Introducing Animal Collective

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Introducing Animal Collective

What do you think when you hear the words “Animal Collective?”

“Automatically, I think of a bunch of hippos and giraffes just hanging out in zoo cages, but it’s not like mean, but they’re all just happy to be there and just hanging out. It’s not like they’re trapped in a zoo, but I guess they didn’t choose to be there. It’s just a collection of animals,” said senior Ali Harford.

If you replace the animals with musicians, and the zoo cages with studios and stages, you’re not far off.

In reality, Animal Collective is a band founded in 1999 by David “Avey Tare” Portner, Noah “Panda Bear” Lennox, Brian “Geologist” Weitz, and Joshua “Deakin” Dibb. They are known for their freewheeling, playful approach to music. They once made a song that only contains the lyric, “you don’t have to go to college.” Now, you may be wondering, “gee, what do they sound like?” This is where they get tricky to describe.

From album to album, Animal Collective changes and evolves to the point where they often seem like an entirely new group each time they release a new record. In six short years, they went from the minimalism of their fifth album, Sung Tongs, making use of just acoustic guitars and rudimentary percussion, to the much more elaborate semi-electronic psychedelia of Merriweather Post Pavilion. In between they tried relatively conventional rock music on their sixth album, Feels, and found a good middle ground of all their styles on their 2007 masterpiece, Strawberry Jam. This exploratory six-year period, uncoincidentally, is widely considered to be their prime.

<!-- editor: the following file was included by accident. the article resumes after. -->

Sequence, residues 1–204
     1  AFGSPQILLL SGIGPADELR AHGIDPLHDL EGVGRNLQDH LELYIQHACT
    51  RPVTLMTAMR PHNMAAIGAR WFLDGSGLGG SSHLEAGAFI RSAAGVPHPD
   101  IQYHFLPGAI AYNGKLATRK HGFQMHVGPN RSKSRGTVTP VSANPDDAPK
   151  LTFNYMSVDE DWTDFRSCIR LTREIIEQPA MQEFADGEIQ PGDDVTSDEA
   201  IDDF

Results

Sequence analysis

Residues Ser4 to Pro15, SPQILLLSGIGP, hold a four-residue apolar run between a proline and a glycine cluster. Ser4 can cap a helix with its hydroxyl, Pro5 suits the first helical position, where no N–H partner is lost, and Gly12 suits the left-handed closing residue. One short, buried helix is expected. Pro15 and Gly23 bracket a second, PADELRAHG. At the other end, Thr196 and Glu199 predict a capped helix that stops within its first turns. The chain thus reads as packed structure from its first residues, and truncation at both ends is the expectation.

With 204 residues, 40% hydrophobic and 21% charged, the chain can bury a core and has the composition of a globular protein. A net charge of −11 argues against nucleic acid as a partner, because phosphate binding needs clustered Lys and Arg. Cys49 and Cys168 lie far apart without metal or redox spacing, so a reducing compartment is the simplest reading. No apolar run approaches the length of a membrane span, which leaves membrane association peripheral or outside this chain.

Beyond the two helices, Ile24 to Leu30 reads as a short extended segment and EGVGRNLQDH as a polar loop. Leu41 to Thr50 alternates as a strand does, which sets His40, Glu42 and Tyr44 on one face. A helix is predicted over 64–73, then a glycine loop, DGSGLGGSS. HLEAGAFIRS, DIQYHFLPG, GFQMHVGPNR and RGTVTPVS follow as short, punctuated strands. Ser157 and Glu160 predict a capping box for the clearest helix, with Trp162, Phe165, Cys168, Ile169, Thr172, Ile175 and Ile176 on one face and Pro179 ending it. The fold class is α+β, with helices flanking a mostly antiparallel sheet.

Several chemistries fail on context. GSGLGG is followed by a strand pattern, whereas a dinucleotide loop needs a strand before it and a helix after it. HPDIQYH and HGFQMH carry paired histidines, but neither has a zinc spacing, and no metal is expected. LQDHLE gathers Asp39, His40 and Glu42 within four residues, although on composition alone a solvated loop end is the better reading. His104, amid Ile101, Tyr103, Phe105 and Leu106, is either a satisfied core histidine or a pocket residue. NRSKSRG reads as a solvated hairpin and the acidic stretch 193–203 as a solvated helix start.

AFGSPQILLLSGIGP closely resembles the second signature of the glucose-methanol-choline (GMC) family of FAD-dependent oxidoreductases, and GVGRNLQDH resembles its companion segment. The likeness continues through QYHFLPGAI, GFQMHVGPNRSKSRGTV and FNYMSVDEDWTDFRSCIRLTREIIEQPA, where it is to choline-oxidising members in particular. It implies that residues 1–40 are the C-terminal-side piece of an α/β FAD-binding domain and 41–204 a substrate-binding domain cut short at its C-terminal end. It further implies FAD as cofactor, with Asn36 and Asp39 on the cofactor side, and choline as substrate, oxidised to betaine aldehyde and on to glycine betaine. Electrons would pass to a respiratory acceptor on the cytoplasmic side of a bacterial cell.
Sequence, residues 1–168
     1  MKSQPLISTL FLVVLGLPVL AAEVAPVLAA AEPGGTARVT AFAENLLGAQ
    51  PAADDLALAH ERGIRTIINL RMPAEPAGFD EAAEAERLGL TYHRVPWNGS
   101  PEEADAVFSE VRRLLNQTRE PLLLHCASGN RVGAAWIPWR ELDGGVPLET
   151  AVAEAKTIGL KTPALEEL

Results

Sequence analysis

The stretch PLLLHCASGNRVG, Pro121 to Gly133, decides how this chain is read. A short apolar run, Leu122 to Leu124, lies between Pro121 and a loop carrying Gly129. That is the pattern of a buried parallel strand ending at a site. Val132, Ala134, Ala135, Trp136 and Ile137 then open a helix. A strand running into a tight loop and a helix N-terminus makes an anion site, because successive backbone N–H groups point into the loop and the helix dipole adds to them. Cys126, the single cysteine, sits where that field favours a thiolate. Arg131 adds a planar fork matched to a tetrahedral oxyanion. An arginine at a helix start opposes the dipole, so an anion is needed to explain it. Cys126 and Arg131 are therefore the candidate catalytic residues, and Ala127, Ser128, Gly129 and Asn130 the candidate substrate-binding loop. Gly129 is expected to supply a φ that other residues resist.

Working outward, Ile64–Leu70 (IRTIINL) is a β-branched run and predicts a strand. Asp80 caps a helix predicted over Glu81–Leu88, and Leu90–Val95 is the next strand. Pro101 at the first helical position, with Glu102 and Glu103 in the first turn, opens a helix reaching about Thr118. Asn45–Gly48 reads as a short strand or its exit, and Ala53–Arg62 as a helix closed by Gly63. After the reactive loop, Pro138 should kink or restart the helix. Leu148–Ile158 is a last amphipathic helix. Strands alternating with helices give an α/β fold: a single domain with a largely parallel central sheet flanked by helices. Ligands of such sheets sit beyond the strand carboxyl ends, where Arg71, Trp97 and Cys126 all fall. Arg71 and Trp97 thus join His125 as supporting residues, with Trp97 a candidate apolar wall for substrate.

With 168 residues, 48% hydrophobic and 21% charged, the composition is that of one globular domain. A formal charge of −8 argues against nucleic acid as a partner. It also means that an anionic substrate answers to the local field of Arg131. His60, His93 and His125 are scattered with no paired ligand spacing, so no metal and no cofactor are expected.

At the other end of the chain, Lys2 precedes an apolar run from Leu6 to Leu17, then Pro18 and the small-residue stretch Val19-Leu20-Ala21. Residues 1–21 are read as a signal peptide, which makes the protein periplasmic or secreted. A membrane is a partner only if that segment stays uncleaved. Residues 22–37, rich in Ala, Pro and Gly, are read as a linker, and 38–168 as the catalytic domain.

I was fortunate enough to see Animal Collective perform back in March. They have been touring their latest release, Painting With, and they did not disappoint. Like any good envelope-pushing band, they have always been a bit insane, and that insanity was present that night. Behind the band, three giant brightly-painted head replicas, resembling tikis, loomed large. They kept the stage banter to a minimum, often bridging the gaps between songs with extended, droning segues. Animal Collective has never been a band for nostalgia, and the vast majority of their setlist was off of Painting With. They snuck in a couple deep cuts, including the extended one-chord autoharp drone jam, “Bees,” and the closing track off their debut album Spirit They’re Gone, Spirit They’ve Vanished, “Alvin Row.” All in all, the show was anything but dull. Their energetic approach to live performance made it a concert to remember.

A truly unique band that strives to constantly explore new sounds, Animal Collective is one of the most interesting musical acts around today. While incorporating a strong sense of the bizarre, they have a remarkable knack for creating infectious melodies. If you’re not afraid of a little weirdness, Animal Collective is the band to check out.